Price: $24.27 at the Saturna General Store.

Market Liquidity: Easy on the palate and the pocketbook.

September 24, 2020

Thibault Liger-Belair Moulin-à-Vent, 2014

There is something breezy and uplifting about cru Beaujolais; it’s like a day drinking red with heaps more character than a stale rosé.  It can be romantic, perky, festive and just plain appealing.  But as much as that fresh and forward fruit shines in most CB, the Moulin-à-Vent has a leg up.  Perched in the north, its bottlings often fit for the cellar, you almost always pay more.  But, what really makes MàV special is that it does age.  Sometimes magnificently.

I’m not adept enough to discern the pronounced differences in the 12 cru, but even a novice can intuit the subtle variations due to geography and the reactions they elicit.  If, say, Morgon is Beethoven and, I don’t know, Fleurie is Mozart, then MàV is Bach.

The nose on this is electric, holy even, like when on a hot summer day in Florence you wander into the cool of a cathedral, the frankincense, the wooden pews, the cool stone.  And yes, the organ plays a structured fugue.  The actual wine is more reserved than fragrant; gobs of raspberry, refined and structured, but weirdly not joyful, like what cru B should be, what you expect.  Dirge-y in fact. And with a long, flat finish on the palate as if the organ pedal led to a long low pitch, unappealing to the ear.  Still, we finished off the bottle in no time.

Price: Well it’s too dear for our pockets, but it was reduced from $57 to $50 at BC Liquor and we ended up with a bottle fortuitously.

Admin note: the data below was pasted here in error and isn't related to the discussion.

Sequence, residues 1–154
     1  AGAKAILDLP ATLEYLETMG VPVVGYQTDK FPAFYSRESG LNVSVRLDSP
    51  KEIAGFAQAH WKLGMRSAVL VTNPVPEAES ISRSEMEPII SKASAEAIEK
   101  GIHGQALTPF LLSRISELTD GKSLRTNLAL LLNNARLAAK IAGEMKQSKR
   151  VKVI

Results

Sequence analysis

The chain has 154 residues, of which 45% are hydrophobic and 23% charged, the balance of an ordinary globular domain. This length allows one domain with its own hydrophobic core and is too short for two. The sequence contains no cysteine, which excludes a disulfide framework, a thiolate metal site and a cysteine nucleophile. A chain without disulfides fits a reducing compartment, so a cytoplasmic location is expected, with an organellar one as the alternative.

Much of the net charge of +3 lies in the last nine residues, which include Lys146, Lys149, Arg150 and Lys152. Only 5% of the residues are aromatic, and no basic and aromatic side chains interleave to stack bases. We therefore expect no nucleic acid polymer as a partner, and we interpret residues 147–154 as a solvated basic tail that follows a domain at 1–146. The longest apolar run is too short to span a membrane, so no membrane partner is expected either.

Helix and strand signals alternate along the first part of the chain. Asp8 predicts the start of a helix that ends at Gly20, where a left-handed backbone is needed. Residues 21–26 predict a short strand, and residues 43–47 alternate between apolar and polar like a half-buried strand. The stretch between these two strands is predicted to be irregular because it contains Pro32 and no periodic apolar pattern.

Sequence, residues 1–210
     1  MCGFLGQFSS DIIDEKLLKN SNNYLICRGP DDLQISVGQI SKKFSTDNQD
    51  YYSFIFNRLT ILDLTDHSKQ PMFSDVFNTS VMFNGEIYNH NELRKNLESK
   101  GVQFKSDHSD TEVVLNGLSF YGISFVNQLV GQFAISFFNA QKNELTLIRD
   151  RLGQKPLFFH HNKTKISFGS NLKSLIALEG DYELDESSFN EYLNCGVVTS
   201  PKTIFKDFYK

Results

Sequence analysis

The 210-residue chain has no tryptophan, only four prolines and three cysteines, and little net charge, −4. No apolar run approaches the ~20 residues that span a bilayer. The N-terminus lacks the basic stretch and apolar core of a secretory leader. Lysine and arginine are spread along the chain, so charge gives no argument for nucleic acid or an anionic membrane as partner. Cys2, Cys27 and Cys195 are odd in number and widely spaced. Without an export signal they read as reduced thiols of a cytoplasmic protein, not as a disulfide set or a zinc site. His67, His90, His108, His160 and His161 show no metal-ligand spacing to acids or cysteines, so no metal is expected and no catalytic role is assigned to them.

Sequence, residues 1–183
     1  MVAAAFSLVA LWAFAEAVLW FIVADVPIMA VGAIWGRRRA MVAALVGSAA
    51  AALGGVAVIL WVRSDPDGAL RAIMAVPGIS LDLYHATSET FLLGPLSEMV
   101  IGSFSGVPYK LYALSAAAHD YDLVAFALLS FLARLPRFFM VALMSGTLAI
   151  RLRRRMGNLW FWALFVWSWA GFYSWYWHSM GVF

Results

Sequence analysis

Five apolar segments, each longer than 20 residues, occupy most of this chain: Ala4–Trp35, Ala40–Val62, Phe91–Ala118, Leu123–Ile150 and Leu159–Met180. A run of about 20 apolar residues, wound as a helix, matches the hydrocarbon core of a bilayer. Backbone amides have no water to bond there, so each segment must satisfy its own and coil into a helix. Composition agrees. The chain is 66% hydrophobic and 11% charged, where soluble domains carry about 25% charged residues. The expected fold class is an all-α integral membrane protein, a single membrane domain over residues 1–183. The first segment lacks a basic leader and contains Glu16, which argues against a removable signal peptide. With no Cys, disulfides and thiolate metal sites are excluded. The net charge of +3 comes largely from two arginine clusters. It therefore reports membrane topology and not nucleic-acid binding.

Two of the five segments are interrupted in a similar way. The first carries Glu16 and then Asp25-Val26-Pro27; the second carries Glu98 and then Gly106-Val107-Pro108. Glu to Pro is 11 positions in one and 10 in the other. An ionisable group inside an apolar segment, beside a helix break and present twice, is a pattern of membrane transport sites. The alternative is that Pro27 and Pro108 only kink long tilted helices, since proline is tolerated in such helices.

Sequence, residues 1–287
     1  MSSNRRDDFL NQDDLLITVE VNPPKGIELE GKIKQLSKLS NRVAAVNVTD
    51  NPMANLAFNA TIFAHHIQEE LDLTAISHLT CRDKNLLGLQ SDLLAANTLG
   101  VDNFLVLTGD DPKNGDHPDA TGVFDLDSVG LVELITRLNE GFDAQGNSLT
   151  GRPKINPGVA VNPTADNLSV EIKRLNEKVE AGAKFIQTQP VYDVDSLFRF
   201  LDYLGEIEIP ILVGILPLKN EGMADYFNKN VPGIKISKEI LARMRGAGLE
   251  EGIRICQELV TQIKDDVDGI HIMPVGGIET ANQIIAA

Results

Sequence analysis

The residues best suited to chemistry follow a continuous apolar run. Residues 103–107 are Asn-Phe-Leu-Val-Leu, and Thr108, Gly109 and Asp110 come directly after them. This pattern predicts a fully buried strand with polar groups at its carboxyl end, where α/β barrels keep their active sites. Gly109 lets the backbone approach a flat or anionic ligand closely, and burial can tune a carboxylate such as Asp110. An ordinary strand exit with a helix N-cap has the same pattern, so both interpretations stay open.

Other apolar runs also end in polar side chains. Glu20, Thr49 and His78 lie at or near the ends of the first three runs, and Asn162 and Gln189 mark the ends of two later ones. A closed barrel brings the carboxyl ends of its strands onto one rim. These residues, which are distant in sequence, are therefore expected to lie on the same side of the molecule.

Market Liquidity: Glenn Gould called Bach’s Italian Concerto “Bach for people who don’t like Bach.”  That was sort of our reaction here; cru Beaujolais for those who don’t like CB.

September 24, 2020

Rombauer Carneros Chardonnay, 2013

From the cellar: Stellar.  No other words.

In 2017 we pulled out the last bottle from a half case we’d scored in the US (back in the day when the CDN had some reasonable busying power) and wrote an over the top post.  Link here.  Then, on the weekend, I found another bottle.  A final final bottle.  Lottery win!  It’s just that gushing 2017 review all over again, amped up.  I mean the legs on this stuff, it’s beyond description. 

Price: You can score it in YVR for around $64 which is ludicrous. LUDICROUS. Definitely not on our income. But how I wish.

Market Liquidity: In 2015 we wrote “It puts the lush in lush” and in 2017 “How the other half drink” and to that we’ll add parting with the last bottle is not sweet sorrow, it’s just plain sorrow.

They put their phone number on the label AND the cork, like a Johnson & Johnson product. It’s Hello Kitty adorable…
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September 24, 2020

Burrowing Owl Pinot Noir, 2017

We received our annual case from the vineyard and thought we should “finish up” last year’s remnants to avoid any confusion (!).

Of two bottles in a mixed case we had the first last December.  Our review, here, was of a take it or leave it nature, unimpressed and let down.  So, on first sip of this second bottle, nearly a year later, much of the same, nonplussed.  Pretty ho-hum.

But, sip after sip, this wine popped.  Big time.  I was resentful on the last half glass, resentful the bottle was empty I mean.  And, I was pissed off at our December post last year; we drank it too soon.

Woodsy and herbaceous, some spicy cinnamon, juicy gobs of cherry, time and air bringing to life a really evocative PN.  The filbert finish a touching denouement on a classic Okanagan PN.  Not a whiff of the coconut we made note of on the previous bottle.  Time and air, Hugh Johnson has waxed poetic on how time and air can alter wine. Amazing.